Creating Sticky Learning To Combat Our Illusion Of Knowing

Deadly dew

Much of what we take for gospel about how to learn is wasted effort.

Learning is grossly misunderstood. The most effective learning strategies are counterintuitive.

We believe that attending education and listening to a presenter leads to learning. Just give me the crib sheets, the list of tips, the high level takeaways and I have it. It’s easy and I don’t have to work for it.

So instead we fleece them. We give them what they want even though it doesn’t lead to job improvement.

Stinking Learning Thinking

Learning needs to be easy or they won’t attend, we say.

We can’t expect much from our attendees. They complain if we don’t give them the slides, handouts or exact tips on how to do something. And they complain when they have to do the work. They came to have someone else tell them what to do. They don’t want to learn from each other.

These are all the excuses we tell ourselves so that we don’t have to work at providing authentic learning opportunities.

For years, attendees have felt that they can just show up, sit down, passively listen and then they have the knowledge of the expert. They swear if they take notes or get the PPTs, they now have the knowledge.

In order to produce real business results from our education, we have to help attendees understand that learning is not by osmosis. Attendees are not blank slates that the presenter writes on with their spoken word.

We have to help our attendees understand that learning requires work. That they have bought into the illusion of knowing by sitting passively.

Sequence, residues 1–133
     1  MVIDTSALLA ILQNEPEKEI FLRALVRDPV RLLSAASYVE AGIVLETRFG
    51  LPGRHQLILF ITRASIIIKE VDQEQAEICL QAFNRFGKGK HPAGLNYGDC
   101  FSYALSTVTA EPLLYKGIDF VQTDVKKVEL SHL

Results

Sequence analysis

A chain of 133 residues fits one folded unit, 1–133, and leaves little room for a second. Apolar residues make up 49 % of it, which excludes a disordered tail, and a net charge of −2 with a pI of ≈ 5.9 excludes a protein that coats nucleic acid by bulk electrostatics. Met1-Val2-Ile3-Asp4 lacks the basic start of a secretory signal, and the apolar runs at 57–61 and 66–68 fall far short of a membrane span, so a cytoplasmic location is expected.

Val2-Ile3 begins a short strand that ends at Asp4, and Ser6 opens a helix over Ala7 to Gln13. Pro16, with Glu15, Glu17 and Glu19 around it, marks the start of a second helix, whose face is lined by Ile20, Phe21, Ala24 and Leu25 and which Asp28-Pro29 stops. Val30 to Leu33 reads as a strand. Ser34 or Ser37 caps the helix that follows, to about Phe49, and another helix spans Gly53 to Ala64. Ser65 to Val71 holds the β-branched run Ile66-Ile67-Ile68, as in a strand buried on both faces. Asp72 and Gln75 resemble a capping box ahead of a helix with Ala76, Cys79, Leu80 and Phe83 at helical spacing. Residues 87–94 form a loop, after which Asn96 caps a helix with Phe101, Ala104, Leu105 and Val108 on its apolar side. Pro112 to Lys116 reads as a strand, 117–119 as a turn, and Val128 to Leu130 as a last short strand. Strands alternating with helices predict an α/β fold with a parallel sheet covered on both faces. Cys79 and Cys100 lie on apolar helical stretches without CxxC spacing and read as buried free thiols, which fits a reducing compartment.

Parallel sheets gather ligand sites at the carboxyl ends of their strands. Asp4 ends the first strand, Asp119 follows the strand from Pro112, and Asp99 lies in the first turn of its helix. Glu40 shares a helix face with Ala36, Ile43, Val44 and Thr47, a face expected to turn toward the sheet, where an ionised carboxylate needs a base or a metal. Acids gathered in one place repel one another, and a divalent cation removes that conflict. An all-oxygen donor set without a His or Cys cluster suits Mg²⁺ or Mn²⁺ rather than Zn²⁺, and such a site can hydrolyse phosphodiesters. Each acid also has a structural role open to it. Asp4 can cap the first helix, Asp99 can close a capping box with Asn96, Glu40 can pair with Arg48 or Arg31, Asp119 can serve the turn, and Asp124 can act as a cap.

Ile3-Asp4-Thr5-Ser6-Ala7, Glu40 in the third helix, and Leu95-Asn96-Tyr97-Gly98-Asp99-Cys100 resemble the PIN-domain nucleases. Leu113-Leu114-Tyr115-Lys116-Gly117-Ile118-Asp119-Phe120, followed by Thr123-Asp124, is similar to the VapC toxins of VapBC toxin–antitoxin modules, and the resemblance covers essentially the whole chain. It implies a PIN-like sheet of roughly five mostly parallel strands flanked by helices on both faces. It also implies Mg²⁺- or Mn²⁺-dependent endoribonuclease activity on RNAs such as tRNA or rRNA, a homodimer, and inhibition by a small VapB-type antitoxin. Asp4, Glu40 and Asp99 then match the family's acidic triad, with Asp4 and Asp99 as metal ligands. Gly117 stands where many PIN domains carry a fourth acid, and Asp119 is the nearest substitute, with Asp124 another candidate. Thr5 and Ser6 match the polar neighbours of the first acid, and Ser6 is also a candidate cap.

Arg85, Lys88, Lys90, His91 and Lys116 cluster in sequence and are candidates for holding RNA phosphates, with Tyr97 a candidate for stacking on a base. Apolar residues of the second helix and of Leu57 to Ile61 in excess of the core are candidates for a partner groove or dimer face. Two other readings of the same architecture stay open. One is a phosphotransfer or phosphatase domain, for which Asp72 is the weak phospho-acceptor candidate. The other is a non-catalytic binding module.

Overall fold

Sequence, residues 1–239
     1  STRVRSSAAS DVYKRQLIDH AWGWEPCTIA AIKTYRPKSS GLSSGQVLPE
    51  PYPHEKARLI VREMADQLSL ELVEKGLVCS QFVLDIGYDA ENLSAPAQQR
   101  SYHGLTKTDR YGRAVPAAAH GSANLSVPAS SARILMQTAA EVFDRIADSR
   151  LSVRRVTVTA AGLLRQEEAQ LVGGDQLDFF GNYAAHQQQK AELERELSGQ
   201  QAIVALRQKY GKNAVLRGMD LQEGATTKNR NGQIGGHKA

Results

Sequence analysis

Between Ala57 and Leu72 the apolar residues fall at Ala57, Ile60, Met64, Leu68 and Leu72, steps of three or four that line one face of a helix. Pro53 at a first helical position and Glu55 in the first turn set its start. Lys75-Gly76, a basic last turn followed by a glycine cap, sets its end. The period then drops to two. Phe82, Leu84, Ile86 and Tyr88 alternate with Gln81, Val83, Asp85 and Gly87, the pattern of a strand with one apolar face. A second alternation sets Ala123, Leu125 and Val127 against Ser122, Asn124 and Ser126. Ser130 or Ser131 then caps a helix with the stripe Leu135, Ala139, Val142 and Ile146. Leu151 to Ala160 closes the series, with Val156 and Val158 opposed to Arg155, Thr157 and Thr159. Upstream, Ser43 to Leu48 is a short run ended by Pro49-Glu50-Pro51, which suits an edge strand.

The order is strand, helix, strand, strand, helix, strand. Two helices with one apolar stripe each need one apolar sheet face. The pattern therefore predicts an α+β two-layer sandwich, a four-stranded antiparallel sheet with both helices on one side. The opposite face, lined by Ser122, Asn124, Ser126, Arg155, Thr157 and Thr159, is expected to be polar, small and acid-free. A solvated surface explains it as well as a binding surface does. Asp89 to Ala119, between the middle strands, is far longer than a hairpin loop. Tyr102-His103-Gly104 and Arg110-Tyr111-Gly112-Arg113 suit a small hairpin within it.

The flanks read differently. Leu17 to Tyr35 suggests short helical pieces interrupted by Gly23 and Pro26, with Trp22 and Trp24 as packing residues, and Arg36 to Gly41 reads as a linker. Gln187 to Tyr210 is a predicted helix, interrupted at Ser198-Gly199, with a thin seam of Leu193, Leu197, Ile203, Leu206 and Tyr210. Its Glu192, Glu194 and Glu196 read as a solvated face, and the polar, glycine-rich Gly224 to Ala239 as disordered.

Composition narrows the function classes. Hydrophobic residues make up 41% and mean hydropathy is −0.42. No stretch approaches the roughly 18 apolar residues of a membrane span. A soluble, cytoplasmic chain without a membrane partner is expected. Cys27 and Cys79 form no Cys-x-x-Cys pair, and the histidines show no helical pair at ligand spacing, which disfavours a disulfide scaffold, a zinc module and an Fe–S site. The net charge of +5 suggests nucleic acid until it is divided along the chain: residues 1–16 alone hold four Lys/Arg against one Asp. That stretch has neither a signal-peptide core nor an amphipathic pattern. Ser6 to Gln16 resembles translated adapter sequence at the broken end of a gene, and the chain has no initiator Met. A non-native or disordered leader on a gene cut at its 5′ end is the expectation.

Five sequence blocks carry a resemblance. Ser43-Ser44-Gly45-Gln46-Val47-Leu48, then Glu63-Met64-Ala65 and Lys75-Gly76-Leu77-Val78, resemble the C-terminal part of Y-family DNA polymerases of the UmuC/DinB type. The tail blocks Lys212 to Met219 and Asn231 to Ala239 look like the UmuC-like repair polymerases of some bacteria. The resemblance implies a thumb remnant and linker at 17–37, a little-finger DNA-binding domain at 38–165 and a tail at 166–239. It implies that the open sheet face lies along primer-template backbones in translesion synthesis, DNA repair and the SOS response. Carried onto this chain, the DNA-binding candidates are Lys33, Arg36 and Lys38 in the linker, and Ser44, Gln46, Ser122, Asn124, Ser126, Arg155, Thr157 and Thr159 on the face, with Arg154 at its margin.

Here is the slide deck from my recent presentation on Creating Sticky Learning that discusses these illusions and five good evidence based strategies your education should adopt.

With hat tips to Make It Stick: The Science Of Successful Learning; 12 Brain Mind Learning Principles In Action: Developing Executive Functions Of The Brain; The Field Guide To The 6Ds: How To Use The Six Disciplines To Transform Learning Into Business Results; Scrap Learning: Your Programs Are Not As Good As You Think.

What tips do you have to help executives understand how to shift to learning strategies that help their customers compete? What type of education have you seen done to help attendees learn how to learn before attending education?

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  1. Great post, Jeff.

    I have been fortunate to work on many conferences where learning is the goal, but unfortunately, I can’t say “most” conferences have done so.

    One strategy that comes to mind in the corporate arena was to create total alignment between every general session and breakout. The general sessions provided an introduction to concepts. The breakout sessions were designed to go deeper and reinforce learning and application. We provided an energy infusion with longer breaks; the opportunity for learners to have control over their environment (some worked outside as an example); and humor/entertainment presentations that were strategically placed. We followed up with learning application when people returned to the job.

    The most important step was getting everyone that the purpose of the meeting was to change thinking and provide some new behaviors, but that didn’t ensure learning. The conference had to be extended back to the workplace.

    Today, I would have added on-line video and other learning tools to reinforce concepts and competencies.

    Unfortunately, it continues to be a challenge to move people from the idea that smile sheets represent learning.

    1. Jeff Hurt says:


      Thanks so much for reading and furthering discussion.

      I like your focus on creating total alignment between every general session and breakout. So few conference organziers get that and yet is has an amazing profound impact on the audience’s learning. And I love your statement “the conference has to be extended back to the workplace.” That’s really what it’s all about.

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